The Times

Covering the Spitalfields Festival certainly takes you to some rum old corners of London's East End. Village Underground is a cavern under the railway viaduct in Shoreditch. Enhanced by spooky lighting and the gnarled tree stump of Lucy Wilkinson's designs, it was a fittingly grim place for that peerless actor Alan Howard to recite Old Earth, one of Samuel Beckett's bleakest monologues (and that's saying something).

Emerging from the gloom as a pallid but still querulous tramp, Howard gave ironic voice to Beckett's richly metaphorical text - the cry of a soul desperately longing for escape from a raddled body. Meanwhile, eight singers from Harry Christophers's choir, The Sixteen, also dressed in dusty 1930s clothing, stood in two quartets round the perimeter of the space and interspersed Howard's words with a wordless choral score by Alec Roth. Wordless, yes, but freighted with allusion and evocation. Some of the modal refrains sounded like Irish folk laments, and thus complemented the overlapping Irish voices of the theatre company Jericho that greeted the audience as we arrived. But a semi-quotation of the final song from Schubert's suicidal song-cycle Winterreise suggested a different sort of morbid kinship. Old Earth is a dark show, in every sense, but it was hauntingly staged by Jonathan Holmes.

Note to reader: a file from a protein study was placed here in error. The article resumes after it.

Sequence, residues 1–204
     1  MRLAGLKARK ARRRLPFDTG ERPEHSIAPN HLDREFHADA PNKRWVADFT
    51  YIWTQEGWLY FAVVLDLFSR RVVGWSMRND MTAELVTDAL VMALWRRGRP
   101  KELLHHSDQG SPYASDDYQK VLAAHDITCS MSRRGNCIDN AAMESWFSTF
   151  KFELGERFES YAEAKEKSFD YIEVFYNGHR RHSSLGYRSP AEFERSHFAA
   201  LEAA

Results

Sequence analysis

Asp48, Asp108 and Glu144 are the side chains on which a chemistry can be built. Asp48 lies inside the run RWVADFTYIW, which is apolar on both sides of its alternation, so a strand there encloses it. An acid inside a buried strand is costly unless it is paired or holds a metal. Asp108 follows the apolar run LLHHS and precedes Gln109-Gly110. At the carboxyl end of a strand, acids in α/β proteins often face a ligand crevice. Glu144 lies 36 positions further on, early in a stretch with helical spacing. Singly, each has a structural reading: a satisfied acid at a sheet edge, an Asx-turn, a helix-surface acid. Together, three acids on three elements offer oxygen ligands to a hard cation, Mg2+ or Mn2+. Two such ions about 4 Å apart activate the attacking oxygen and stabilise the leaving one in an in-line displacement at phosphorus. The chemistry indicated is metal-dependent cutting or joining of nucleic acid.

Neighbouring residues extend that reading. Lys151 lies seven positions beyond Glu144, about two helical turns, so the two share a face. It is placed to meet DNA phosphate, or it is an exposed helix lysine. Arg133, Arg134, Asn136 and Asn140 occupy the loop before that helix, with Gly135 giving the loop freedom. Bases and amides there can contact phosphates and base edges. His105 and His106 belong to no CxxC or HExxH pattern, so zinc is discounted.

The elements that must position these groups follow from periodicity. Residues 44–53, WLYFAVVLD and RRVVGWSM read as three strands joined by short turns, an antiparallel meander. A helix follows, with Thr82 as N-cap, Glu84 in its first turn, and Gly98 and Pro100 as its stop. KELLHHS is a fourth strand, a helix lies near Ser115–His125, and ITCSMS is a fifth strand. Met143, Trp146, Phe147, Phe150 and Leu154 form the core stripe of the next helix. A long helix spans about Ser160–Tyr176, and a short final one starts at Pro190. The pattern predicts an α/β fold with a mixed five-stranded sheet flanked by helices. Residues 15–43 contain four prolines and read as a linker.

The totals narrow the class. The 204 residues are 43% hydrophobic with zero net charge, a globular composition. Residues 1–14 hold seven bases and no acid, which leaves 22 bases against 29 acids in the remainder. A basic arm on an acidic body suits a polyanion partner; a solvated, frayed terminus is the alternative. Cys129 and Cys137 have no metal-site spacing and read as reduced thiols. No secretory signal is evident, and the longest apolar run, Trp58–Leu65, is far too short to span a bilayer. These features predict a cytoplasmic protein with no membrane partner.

Alan Howard in Old Earth

Photo by Jamie Archer

Richard Morrison

The Times: June 19 2012

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